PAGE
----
Lesniewski's Early Liar, Tarski and Natural Language
"... This paper is a contribution to the reconstruction of Tarski's semantic background and to the history of metalanguage and truth. Although in his 1933 monograph Tarski credits his master, Stanisl/aw Le#niewski, with crucial negative results on the semantics of natural language, the conceptual relatio ..."
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This paper is a contribution to the reconstruction of Tarski's semantic background and to the history of metalanguage and truth. Although in his 1933 monograph Tarski credits his master, Stanisl/aw Le#niewski, with crucial negative results on the semantics of natural language, the conceptual relationship between the two logicians has never been investigated in a thorough manner. This paper shows that it was not Tarski, but Le#niewski who first avowed the impossibility of giving a satisfactory theory of truth for ordinary language, and the necessity of sanitation of the latter for scientific purposes. In an early article (1913) Le#niewski gave an interesting solution to the Liar Paradox, which, although different from Tarski's in detail, is nevertheless important to Tarski's semantic background. To illustrate this I give an analysis of Le#niewski's solution and of some related aspects of Le#niewski's later thought.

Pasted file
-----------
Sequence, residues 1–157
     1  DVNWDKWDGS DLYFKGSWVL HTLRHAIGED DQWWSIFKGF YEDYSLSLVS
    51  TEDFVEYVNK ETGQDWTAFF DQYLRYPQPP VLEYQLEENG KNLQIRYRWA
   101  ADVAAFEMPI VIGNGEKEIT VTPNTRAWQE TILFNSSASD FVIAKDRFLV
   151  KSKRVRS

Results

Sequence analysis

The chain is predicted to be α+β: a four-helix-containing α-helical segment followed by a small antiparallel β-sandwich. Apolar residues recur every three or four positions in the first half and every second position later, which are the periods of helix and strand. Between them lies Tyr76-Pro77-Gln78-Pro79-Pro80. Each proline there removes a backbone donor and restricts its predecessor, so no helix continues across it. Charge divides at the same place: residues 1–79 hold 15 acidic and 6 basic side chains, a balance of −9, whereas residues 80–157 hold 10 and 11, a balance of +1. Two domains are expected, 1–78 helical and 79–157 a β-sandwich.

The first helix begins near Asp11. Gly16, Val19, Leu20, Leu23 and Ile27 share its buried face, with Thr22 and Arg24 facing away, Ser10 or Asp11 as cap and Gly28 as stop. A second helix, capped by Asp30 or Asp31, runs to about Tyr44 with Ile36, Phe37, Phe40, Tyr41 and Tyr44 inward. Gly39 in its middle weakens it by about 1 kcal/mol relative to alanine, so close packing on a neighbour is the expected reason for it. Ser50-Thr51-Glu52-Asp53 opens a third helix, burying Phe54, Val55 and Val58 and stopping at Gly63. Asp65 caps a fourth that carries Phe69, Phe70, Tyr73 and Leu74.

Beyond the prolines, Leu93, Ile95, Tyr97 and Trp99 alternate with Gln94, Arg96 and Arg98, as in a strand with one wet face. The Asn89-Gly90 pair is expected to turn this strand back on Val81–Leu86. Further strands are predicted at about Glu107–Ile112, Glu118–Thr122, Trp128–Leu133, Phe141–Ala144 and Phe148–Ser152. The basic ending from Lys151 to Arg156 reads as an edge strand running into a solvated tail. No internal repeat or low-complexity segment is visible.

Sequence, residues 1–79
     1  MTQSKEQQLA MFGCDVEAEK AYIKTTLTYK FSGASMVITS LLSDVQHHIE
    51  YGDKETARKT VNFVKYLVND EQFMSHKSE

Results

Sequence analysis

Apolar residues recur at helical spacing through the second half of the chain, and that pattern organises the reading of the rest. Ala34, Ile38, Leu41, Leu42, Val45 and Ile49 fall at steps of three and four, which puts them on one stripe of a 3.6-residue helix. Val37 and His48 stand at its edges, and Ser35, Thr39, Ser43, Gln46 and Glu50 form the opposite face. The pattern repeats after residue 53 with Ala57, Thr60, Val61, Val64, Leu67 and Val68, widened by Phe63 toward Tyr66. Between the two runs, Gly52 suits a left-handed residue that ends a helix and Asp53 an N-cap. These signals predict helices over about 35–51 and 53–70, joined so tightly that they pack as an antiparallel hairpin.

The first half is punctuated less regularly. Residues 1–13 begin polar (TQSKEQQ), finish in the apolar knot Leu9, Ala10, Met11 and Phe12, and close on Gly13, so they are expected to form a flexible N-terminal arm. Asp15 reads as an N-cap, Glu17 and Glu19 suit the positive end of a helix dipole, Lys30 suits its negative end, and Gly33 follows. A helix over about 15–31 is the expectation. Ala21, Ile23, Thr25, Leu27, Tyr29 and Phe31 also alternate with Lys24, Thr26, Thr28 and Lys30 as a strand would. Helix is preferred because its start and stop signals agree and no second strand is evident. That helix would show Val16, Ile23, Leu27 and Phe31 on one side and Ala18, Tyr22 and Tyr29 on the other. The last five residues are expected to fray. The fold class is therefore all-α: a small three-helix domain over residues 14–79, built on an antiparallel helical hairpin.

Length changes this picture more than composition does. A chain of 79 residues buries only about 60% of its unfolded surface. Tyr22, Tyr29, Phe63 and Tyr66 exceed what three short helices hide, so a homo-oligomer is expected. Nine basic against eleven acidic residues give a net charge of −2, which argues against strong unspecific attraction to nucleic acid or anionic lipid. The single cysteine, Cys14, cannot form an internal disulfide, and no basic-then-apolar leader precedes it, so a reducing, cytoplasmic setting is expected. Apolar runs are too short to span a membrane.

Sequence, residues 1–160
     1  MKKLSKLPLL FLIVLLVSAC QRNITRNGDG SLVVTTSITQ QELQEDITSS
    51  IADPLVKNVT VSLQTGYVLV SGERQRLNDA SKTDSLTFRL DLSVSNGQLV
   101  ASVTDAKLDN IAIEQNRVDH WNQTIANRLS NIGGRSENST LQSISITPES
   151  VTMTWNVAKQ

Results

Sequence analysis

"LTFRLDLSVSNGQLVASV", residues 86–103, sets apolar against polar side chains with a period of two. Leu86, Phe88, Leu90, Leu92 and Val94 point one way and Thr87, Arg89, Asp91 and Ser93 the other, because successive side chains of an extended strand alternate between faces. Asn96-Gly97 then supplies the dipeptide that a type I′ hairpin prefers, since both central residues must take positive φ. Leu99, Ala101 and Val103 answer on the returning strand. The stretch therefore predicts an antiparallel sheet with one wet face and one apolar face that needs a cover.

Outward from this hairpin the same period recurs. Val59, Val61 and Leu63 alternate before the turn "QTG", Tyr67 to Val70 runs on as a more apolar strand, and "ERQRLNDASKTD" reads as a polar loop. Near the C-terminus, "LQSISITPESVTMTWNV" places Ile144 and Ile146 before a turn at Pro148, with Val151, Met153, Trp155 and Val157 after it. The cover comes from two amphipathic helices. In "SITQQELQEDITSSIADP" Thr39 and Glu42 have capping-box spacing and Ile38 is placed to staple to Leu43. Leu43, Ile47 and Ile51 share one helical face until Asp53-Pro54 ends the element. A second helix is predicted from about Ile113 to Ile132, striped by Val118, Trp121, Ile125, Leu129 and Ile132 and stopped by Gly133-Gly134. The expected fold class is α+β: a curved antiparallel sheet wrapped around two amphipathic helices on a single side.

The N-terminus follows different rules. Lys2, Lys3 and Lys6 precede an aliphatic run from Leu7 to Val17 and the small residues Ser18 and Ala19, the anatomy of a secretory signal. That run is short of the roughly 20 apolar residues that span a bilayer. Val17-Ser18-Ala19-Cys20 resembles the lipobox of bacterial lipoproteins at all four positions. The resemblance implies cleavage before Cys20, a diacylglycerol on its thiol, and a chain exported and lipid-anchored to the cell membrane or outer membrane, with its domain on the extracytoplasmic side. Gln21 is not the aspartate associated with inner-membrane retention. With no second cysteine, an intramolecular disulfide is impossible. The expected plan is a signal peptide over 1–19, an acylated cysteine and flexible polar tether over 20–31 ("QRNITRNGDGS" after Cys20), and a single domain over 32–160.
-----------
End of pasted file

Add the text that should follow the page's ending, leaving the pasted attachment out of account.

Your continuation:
Forthcoming in: Perspectives on Mathematical Practices, Vol. II, J.P. van Bendegem and B. van Kerkhove (eds.). Bridging Theories with Axioms:
, 2008
"... In discussions of mathematical practice the role axiomatics has often been confined to providing the starting points for formal proofs, with little or no effect on the discovery or creation of new mathematics. For example, quite recently Patras wrote that the axiomatic method “never allows for authe ..."
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In discussions of mathematical practice the role axiomatics has often been confined to providing the starting points for formal proofs, with little or no effect on the discovery or creation of new mathematics. For example, quite recently Patras wrote that the axiomatic method “never allows for authentic creation ” (Patras 2001, 159), and similar